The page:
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Transcript

  • 1. Primitive Data Types
    • Represent single values
    • Practically unlimited access
    • Integers types:
      • 2010
      • -40
    • Floating point (decimals) numbers types:
      • Big integers
      • Decimals: 3.14159
      • Scientific notation: 6.03e23
    • Boolean type: true or false
    • Character type: ‘c’
    • Strings : “Vote for Pedro”
  • 2. Variables
    • To store or remember data Java uses variables .
    • Variables contain primitive values or object references.
    • To be used, variables have to be declared and set
    • Declaring a variable:
      • Announces is existence to the rest of the block
      • Sets aside a section of memory big enough to store the value
      • Determines what kind of value can be stored in the variable
      • Determines how the number is to be interpreted
  • 3. Variables
    • Variable names should be describe the value they hold
    • Names with multiple words:
      • Lower case first word, capitalize subsequent words
      • Separate words with underscore.
    • Declaring a variable:
      • Type name followed by the name and optional initialization
        • int studentAge = 18;
        • double pi = 3.14159;
        • boolean isValid = false;
        • char marks_the_spot = ‘x’;
        • String vote4 = “Pedro”;
  • 4. Variable Scope
    • Variables are known inside the block in which they are declared.
      • class Foo {
      • int x = 0;
      • void someMethod() {
      • int y;
      • y = x + 1;
      • }
      • void anotherMethod() {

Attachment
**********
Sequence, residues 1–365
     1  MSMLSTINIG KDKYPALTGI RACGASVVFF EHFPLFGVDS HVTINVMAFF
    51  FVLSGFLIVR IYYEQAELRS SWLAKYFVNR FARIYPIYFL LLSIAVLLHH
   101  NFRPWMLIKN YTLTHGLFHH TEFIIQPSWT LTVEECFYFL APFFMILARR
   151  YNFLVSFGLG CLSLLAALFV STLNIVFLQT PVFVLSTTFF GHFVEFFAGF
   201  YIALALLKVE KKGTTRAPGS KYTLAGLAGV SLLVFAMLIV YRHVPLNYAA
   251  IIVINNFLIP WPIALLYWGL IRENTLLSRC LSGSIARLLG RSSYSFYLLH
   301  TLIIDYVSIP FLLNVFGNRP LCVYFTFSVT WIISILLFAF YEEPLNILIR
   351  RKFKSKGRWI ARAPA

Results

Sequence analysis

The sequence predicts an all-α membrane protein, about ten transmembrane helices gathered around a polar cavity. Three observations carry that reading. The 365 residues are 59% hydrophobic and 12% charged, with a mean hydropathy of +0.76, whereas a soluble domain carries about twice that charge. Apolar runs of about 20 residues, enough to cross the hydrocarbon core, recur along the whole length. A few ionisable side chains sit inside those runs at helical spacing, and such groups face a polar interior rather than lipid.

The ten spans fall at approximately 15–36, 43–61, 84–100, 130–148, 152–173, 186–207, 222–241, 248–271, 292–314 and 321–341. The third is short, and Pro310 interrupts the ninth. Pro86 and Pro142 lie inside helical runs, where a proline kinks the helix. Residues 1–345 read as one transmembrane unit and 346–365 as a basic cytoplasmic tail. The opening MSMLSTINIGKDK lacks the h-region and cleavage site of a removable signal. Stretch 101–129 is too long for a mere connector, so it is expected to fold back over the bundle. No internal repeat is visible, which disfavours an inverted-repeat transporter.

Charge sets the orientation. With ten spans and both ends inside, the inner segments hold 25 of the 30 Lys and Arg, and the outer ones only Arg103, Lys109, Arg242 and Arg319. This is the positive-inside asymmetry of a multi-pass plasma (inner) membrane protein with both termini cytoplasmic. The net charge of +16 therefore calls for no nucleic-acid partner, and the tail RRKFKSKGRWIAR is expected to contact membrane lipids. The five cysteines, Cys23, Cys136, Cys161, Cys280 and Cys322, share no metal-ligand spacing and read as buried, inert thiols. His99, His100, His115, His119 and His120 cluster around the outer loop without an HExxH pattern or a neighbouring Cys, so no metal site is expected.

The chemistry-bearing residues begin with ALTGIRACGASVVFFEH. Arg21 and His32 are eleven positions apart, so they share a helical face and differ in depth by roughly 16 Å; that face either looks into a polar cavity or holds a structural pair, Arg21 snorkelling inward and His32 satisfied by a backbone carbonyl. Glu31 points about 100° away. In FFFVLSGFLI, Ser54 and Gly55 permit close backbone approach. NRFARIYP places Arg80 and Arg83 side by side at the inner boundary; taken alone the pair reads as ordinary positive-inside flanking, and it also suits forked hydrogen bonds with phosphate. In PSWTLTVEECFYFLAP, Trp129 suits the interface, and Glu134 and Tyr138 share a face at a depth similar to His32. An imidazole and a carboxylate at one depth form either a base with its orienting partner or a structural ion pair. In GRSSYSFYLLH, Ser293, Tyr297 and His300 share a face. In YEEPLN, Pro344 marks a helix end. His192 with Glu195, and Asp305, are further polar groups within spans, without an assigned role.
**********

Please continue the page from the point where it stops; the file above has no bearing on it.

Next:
• x = y + 1;
      • }
      • }
  • 5. Integers
    • Integers are 32 bits long
    • -2,147,483,648 <= int <= 2,147,483,647
    • Example declarations and values
    • int m;
    • m = 0;
    • int n = 23;
    • int o = -40;
  • 6. Floating Point
    • The type is called double
    • 64 bits long
      • Some bits used for the exponent, some for the mantissa
    • +/- 1.7 x 10 ± 308 with 15 significant digits
    • double pi;
    • pi = 3.14159;
    • double x = 10.0;
    • double y = 6.02e23;
    • double z = -40;
  • 7. Boolean
    • A boolean value represents true or false
    • A boolean also can be used to represent any value with two states, such as a light bulb being on or off.
    • The reserved words true and false are the only valid values for a boolean type
    • boolean done = false;
    • boolean isMale = true;
  • 8. Characters
    • A char variable stores the numeric representation of a character
    • The Unicode character set lists the characters and their corresponding numeric representation
      • The Unicode character set uses sixteen bits per character, allowing for 65,536 unique symbols and characters from many world languages
    • Character literals are delimited by single quotes:
    • 'a' 'X' '7' '$' ',' ' ‘
    • char marksTheSpot = ‘X';
  • 9. Escape Sequences
    • The unicode set recognizes ‘characters’ that are not printable
    • These unprintable characters are referred to with escape sequences
    Escape Sequence  Unprintable character backspace tab newline carriage return
  • 10. Escape sequences